Village Main Reef concludes wage agreement with unions

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Mining and resources investment company, Village Main Reef, has concluded a two-year wage agreement with the representatives of three unions at its gold mining operations, the Chamber of Mines said on Tuesday.

“Village Main Reef’s approach is focused on increases to basic wages because the company’s Tau Lekoa mine has a short life span,” said Dr Elize Strydom. “We are pleased that the parties have been able to engage and conclude an agreement with no disruption to the business. The agreement was reached within a flexible negotiating structure which has evolved over a number of years to allow for companies with vastly different economic and operating circumstances to be accommodated,” said Strydom.

In terms of the two-year agreement, underground workers would received an increases of R1,000 and surface workers R800 for Category 4 to 8 employees. Miners, artisan and officials would receive an increases ranging between 5.5 percent and 6.5 percent. The agreement was concluded with the National Union of Mineworkers (NUM), Solidarity and the United Association of South Africa (Uasa) . The Association of Mineworkers and Construction (Amcu) is not represented at Village Main Reef.

Dr Strydom said wage negotiations in respect of the AngloGold Ashanti, Evander Gold Mines, Harmony and Sibanye Gold were continuing. “The bilateral meetings between the companies and unions have been concluded and a further collective meeting will be held later this week,” she said.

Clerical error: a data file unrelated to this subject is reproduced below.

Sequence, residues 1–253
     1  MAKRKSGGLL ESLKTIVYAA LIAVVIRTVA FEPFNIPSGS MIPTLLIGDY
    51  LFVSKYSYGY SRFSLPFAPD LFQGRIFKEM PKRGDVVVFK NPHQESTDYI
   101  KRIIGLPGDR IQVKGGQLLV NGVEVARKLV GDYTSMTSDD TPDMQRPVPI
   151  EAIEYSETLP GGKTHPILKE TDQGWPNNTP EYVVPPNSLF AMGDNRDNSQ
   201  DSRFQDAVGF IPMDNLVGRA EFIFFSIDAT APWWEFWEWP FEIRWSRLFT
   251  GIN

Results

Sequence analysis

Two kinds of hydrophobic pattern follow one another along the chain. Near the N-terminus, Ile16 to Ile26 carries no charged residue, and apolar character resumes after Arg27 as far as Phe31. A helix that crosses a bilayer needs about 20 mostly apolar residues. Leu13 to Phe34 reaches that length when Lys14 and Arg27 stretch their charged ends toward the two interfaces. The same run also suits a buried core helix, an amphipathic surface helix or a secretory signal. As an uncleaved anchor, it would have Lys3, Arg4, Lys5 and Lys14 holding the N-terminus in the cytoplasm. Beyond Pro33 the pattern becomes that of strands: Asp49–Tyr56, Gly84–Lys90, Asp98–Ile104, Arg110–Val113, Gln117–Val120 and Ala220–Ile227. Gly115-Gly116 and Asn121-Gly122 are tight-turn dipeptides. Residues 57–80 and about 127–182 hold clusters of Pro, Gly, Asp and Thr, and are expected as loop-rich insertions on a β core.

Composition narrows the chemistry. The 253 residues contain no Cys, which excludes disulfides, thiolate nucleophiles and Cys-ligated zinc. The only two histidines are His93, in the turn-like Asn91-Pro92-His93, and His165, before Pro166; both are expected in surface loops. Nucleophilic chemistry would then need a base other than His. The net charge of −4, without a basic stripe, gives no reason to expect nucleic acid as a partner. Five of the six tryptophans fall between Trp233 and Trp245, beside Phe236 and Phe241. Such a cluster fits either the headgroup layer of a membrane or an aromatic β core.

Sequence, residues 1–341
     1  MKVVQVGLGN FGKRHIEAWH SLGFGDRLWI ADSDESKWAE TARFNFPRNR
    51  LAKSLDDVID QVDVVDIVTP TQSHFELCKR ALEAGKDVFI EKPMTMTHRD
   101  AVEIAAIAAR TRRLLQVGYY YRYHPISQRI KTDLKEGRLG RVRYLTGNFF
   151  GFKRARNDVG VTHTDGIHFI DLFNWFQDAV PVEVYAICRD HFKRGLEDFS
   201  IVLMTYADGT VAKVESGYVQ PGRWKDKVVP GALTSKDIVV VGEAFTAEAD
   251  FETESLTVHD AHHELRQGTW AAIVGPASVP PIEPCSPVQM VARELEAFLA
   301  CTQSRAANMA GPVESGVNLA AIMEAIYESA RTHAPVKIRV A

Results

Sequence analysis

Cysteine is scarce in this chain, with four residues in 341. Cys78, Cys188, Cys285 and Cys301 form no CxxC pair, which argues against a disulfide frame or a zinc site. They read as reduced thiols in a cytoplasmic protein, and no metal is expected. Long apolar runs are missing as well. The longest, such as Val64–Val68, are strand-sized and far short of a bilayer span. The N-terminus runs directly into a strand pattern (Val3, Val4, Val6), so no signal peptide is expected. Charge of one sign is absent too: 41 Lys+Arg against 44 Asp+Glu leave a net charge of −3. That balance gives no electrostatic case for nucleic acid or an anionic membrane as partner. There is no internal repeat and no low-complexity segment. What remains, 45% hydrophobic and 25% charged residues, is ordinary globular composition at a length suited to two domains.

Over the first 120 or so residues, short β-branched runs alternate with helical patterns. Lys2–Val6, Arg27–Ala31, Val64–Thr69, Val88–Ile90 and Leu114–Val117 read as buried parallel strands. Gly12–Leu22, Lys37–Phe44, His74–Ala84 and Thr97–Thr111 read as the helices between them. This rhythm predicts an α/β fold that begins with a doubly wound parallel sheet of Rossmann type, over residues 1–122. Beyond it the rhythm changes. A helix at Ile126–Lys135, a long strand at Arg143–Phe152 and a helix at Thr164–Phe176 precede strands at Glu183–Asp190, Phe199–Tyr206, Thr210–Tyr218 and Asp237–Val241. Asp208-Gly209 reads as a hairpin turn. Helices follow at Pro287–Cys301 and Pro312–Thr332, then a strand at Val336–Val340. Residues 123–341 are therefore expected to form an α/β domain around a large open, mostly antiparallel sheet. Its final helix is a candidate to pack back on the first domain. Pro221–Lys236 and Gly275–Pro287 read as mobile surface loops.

The union said in addition to the wage increase, workers would receive R110 increase for the living out allowance in 2015 and a R116 increase in July 2016. The increases to basic wages would see an increase of 5.5 percent to the meal allowance for two years, and an increase of 5.5 percent to the operator allowance for both rock drill operators and water jet operators for the period of the agreement. The increases would also see a 6.5 percent increase for all employees in the other bargaining units for July 2015 and 5.5 percent in July 2016.

“The unions and the management agreed that should any increases or improvements to conditions of employment and all other benefits negotiated at the Chamber through the centralised process exceed the increases and improvements contained in this agreement, such increases and improvements will be matched subject to the table below. If the chamber agreement is lower than this agreement this agreement will remain,” the union said.

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